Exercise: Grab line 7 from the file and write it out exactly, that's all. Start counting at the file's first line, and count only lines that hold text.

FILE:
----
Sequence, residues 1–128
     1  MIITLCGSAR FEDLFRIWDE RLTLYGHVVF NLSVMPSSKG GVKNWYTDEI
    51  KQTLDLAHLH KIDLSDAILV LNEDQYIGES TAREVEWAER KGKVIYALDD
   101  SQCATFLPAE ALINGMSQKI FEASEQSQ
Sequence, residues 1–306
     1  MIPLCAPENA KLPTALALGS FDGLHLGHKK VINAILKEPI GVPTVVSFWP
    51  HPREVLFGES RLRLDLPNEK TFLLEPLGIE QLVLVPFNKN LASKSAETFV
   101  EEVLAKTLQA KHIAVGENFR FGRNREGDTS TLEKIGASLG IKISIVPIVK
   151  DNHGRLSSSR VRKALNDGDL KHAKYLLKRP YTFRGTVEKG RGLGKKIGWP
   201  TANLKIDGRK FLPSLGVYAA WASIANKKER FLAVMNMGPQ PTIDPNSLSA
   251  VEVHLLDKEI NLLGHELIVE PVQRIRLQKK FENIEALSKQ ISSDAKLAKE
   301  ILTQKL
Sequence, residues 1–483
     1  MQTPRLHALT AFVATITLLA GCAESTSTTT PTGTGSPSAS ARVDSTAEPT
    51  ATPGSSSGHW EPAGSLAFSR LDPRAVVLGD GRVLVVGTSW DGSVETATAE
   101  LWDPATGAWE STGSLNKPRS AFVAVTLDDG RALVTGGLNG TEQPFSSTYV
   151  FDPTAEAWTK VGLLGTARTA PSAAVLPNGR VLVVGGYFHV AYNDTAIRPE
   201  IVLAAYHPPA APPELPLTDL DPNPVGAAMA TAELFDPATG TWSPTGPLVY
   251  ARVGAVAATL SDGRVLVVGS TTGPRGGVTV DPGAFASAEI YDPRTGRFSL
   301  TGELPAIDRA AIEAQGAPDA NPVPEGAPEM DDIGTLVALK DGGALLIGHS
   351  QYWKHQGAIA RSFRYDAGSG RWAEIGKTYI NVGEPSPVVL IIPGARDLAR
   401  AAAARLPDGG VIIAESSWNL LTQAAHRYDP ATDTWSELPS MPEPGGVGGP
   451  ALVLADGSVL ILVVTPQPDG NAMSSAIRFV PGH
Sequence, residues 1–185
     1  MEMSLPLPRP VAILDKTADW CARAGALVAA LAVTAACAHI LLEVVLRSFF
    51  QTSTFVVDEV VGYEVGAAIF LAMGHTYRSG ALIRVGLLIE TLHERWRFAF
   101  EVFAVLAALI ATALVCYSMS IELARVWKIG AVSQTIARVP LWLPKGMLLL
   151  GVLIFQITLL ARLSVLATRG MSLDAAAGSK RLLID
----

    51  HPREVLFGES RLRLDLPNEK TFLLEPLGIE QLVLVPFNKN LASKSAETFV